The Confederacy’s Strategic Coast: The War in Eastern North Carolina 1861-1865
March 7-11, 2018
A BGES Civil War Field University Program
History has a funny way of making locations significant or irrelevant. With the secession of Virginia and North Carolina and the relocation of the new nation’s capital to Richmond, Virginia, the Tarheel state presented intriguing opportunities for Federal planners and confounding challenges for Confederate military minds. It was, in a word, “vital.” Insulated by the killing fields of Virginia, early campaigns, battles, raids and naval engagements that swirled throughout the region generally faded in comparison to the great struggles north and west.
This is our first full examination of this region. A cursory survey of the maps tells us that the inlets and sounds dominate the landscape. Indeed, early Federal operations sought to control the eastern part of the state and convinced Robert E. Lee and other planners that the operations were a prelude to a full-scale assault on North Carolina. Lee is delayed in reuniting his army in the spring of 1863 because he is convinced that an attack at Charleston is a prelude to an attack on Wilmington.
This program will bring you a wealth of stories and a unique understanding of the impact of strategic locations on national planning. You know many of the names–now the events that etched themselves in history will be on display. A great theme, in a great location, at a great time of the year. Join us.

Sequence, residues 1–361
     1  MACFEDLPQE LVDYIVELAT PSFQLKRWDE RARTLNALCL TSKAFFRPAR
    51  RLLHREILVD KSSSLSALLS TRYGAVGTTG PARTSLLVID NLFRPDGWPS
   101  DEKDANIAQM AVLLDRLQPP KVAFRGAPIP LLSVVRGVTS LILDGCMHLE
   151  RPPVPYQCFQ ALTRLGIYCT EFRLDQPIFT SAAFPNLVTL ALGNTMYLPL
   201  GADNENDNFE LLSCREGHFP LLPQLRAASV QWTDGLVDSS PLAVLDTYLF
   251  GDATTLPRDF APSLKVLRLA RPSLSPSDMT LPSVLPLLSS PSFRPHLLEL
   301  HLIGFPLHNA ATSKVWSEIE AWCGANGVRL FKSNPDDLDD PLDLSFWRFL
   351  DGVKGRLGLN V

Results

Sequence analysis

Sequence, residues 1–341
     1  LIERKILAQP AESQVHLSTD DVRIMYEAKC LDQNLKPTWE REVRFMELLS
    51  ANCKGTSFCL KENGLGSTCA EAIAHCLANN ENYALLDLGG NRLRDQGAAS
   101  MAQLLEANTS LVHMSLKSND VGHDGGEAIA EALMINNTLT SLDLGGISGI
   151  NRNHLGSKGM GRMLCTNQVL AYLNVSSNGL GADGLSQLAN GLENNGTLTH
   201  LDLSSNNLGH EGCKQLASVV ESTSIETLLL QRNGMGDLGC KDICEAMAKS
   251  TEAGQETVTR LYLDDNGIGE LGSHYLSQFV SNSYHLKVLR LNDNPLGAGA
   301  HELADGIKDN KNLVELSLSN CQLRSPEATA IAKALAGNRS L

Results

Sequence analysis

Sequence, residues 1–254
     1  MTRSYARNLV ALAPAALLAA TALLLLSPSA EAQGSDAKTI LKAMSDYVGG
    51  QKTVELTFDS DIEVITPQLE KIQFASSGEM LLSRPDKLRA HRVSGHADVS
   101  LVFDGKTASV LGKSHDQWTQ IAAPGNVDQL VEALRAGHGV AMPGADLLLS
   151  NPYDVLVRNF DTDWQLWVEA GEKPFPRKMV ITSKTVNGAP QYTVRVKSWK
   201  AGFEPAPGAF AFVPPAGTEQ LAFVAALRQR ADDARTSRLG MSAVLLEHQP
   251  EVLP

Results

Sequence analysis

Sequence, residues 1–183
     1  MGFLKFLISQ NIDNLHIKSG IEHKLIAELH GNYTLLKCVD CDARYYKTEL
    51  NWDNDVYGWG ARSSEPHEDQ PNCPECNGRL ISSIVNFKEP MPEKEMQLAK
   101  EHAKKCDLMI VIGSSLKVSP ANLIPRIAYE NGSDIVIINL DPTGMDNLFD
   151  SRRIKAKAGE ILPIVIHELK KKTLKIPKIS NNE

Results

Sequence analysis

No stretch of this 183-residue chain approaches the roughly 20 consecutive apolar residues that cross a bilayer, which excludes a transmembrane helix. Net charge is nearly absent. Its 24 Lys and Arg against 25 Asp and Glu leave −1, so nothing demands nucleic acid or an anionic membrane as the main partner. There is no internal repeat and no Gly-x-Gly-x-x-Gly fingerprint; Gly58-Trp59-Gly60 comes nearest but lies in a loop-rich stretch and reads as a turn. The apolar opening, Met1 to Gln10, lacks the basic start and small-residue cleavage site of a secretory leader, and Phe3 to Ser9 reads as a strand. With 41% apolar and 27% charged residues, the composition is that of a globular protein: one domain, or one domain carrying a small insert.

Stephen Wise is the Director of the Marine Corps Parris Island Museum and a professor of history at the University of South Carolina-Beaufort. A noted historian of the state and the Marine Corps, his books Gate of Hell about the 1863 Charleston Campaign and Lifeline of the Confederacy document the significance of blockade running to the Confederate economy. Steve was recently recognized by the SC Humanities Council for his contributions to preservation and historic interpretation. He is well spoken and interesting; you will enjoy yourself.
Wade Sokolosky is a retired ordnance officer from the US Army. Colonel Sokolosky has devoted his graduate studies to Sherman’s 1865 Campaign in NC and he has ancestors who served in the Southern armies. He has co-authored two books: The Battle of Wise’s Forks March 1865 and No Such Army Since the Days of Julius Caesar, Sherman’s Carolinas Campaign. He is now specializing in anything Civil War in North Carolina. This will be his first program with BGES.